Miss Oakland's intuition was proved true ere long. In the two first days of the travel, Mr Woodhouse could scarcely be seen without the Hungarian lady, and though it was the general consensus that they made for a very handsome couple, there was also a lot of whispers. The engagement of Miss Markoczy was no secret; people wondered whether the French fiancé would kill Mr Woodhouse when the news reached his ears. Some said he was the Duc d'Aquitaine, and others only a Vicomte. But everyone agreed that he was a passionate man, and that he had already won three duels to death. Of course nobody had never met him and no one was clear on the reasons that would push such a man as the Duc d'Aquitaine to risk so much in an illegal encounter of this sort.
There was also another disagreeable consequence of this developing relationship. Since they travelled together, many people had assumed that Miss Oakland and Mr Woodhouse 'shared a bond'. The new couple made Georgiana look the fool; the right-thinking passengers considered that she had been abandoned and that she must be feeling wretched. That two brothers could have put her in such similar situation in a little over a year span was bitter. Yet she kept her head high and her stance erect and refused to dignify the prying questions of the other ladies, which soon earned her the reputation of being proud and hard to be pleased. Her who had been so generally liked in London experienced with people withdrawing from her company for the first time. It was an unpleasant experience and made her anxious to get to New York.
Mr Woodhouse was not deterred by the rumours. His only reaction when Georgiana asked him to deny them was to laugh.
"Let them be, Miss Oakland," he said. "They need to gossip but will never hurt anyone."
"You underestimate the influence of gossip on one's reputation, Mr Woodhouse," Georgiana answered.
"I never cared much for mine, as you well know. Anyone who appreciates me know the rumours to have their fact wrongs. Now, Miss Oakland, smother down that frown, it does not agree with your pretty face."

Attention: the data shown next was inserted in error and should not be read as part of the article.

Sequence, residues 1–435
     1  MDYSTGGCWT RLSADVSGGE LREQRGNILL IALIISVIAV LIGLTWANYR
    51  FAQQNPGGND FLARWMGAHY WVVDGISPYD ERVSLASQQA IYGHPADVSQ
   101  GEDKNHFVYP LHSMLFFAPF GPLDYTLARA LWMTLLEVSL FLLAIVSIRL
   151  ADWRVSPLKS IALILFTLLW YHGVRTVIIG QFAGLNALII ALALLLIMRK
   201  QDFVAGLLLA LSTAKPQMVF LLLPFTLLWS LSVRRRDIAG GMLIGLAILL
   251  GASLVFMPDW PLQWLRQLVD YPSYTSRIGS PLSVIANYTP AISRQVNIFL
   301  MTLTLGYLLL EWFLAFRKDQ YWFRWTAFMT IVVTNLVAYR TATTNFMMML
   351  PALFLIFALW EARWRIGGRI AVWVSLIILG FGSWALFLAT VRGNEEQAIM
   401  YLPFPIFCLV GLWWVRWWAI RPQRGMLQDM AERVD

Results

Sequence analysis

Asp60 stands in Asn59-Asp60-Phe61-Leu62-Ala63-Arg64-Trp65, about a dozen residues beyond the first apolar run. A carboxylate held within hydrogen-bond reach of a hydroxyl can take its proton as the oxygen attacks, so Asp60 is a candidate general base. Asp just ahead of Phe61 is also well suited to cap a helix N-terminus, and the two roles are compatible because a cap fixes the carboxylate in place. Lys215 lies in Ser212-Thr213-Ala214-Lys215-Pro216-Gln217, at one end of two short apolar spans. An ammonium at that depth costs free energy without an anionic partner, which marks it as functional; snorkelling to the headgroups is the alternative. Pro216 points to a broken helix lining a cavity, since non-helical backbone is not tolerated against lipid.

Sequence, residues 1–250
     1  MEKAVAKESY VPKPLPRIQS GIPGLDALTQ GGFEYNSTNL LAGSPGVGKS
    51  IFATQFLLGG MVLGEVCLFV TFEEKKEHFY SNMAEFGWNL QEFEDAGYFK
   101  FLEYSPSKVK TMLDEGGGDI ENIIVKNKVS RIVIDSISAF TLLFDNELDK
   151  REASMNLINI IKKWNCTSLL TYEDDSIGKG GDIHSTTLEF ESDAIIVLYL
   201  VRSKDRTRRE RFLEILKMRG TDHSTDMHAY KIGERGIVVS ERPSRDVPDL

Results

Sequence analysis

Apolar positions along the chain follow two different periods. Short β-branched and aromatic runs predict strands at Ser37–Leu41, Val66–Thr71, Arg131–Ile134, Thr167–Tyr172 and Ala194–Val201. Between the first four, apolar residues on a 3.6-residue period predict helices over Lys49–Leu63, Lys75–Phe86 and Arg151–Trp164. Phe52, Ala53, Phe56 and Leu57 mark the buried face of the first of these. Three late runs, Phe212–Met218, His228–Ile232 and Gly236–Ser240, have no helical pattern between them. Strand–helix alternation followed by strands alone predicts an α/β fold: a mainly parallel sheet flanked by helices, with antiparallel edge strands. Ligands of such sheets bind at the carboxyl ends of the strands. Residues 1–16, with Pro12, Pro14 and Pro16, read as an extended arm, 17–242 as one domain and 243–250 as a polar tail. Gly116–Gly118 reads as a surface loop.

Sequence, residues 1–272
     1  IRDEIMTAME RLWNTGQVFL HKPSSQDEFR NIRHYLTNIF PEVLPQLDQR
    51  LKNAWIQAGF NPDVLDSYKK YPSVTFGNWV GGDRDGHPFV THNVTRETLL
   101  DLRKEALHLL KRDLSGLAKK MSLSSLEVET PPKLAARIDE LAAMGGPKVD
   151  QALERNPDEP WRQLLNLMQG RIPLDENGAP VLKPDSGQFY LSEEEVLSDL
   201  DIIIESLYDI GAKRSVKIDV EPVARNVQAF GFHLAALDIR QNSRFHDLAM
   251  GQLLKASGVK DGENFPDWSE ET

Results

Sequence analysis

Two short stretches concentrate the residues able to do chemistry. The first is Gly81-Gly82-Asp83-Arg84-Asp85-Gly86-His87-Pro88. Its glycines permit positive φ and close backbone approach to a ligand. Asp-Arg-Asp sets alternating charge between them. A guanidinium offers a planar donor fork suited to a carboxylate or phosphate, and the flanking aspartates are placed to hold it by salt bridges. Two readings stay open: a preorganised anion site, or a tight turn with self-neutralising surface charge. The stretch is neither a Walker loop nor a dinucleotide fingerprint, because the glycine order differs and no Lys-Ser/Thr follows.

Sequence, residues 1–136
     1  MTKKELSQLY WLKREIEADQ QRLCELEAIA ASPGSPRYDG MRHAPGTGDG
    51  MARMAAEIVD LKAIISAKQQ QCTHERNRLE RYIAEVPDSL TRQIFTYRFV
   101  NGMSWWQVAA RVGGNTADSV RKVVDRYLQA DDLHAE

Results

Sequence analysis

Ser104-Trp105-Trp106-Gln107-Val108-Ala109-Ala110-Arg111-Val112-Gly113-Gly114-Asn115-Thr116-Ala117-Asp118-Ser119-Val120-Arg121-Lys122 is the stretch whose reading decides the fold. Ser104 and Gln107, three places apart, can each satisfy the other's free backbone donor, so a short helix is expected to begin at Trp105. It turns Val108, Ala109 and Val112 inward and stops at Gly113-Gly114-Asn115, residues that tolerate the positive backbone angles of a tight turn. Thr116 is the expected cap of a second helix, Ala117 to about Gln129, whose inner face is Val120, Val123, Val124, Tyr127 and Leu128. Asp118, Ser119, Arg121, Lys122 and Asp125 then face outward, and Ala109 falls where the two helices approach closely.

"You might not care for your reputation, but I do care for mine! Please, at least, tell them that we never were in any sort of relationship besides that of acquaintances instead of shrugging!"
"And what good will it do? They may hear my words but they will not heed them. They have decided our story and it is much more romantic than the truth," Mr Woodhouse said with some impatience. "They will remain convinced that they guessed it right and be very pleased with their own perceptiveness. Our denials will only strengthen their belief; for of course any young person will deny having been spurned. And you used to be involved with my brother, which makes the whole situation even more sordid."
"You are far too cynical!"
"No, I am not. I see those people for what they are and you would do better to start doing the same. If you'll excuse me, I have other people to attend."
Three days later, it was well established in the Mary Swallow that Miss Markoczy had been seen stepping out of Mr Woodhouse's cabin on at least two occasions. Thus it was definitively agreed that a new couple had been born and Miss Oakland was forgotten, for which she was grateful. She was still wary of what might be the consequences of Mr Woodhouse's actions but ended up that, as the one responsible, he would have to deal with them himself.
There was another person that was clearly unhappy with this new development. Mr Markoczy, with whom Miss Oakland had started becoming friends, was worried and unnerved. It did not take him long to share his concerns with her, as they were sitting in the little salon at the end of the second week of their travel.